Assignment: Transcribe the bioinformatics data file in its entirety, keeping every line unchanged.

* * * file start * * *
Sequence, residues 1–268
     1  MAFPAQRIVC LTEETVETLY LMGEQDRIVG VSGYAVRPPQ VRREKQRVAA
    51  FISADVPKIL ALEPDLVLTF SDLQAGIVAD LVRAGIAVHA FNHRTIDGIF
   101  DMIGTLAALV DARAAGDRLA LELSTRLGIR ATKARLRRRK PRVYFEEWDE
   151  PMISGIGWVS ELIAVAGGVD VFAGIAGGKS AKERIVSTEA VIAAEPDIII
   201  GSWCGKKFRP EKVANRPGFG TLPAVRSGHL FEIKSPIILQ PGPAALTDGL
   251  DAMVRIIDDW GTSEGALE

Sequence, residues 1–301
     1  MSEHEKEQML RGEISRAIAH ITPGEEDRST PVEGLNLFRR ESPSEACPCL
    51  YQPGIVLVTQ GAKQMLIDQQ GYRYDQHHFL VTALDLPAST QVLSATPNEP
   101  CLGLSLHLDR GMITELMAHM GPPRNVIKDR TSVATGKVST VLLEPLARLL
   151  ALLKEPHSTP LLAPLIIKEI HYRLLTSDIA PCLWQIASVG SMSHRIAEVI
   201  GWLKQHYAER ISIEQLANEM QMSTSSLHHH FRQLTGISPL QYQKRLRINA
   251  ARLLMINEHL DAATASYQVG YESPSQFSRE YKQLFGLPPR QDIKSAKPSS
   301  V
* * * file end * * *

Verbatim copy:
Sequence, residues 1–268
     1  MAFPAQRIVC LTEETVETLY LMGEQDRIVG VSGYAVRPPQ VRREKQRVAA
    51  FISADVPKIL ALEPDLVLTF SDLQAGIVAD LVRAGIAVHA FNHRTIDGIF
   101  DMIGTLAALV DARAAGDRLA LELSTRLGIR ATKARLRRRK PRVYFEEWDE
   151  PMISGIGWVS ELIAVAGGVD VFAGIAGGKS AKERIVSTEA VIAAEPDIII
   201  GSWCGKKFRP EKVANRPGFG TLPAVRSGHL FEIKSPIILQ PGPAALTDGL
   251  DAMVRIIDDW GTSEGALE

Sequence, residues 1–301
     1  MSEHEKEQML RGEISRAIAH ITPGEEDRST PVEGLNLFRR ESPSEACPCL
    51  YQPGIVLVTQ GAKQMLIDQQ GYRYDQHHFL VTALDLPAST QVLSATPNEP
   101  CLGLSLHLDR GMITELMAHM GPPRNVIKDR TSVATGKVST VLLEPLARLL
   151  ALLKEPHSTP LLAPLIIKEI HYRLLTSDIA PCLWQIASVG SMSHRIAEVI
   201  GWLKQHYAER ISIEQLANEM QMSTSSLHHH FRQLTGISPL QYQKRLRINA
   251  ARLLMINEHL DAATASYQVG YESPSQFSRE YKQLFGLPPR QDIKSAKPSS
   301  V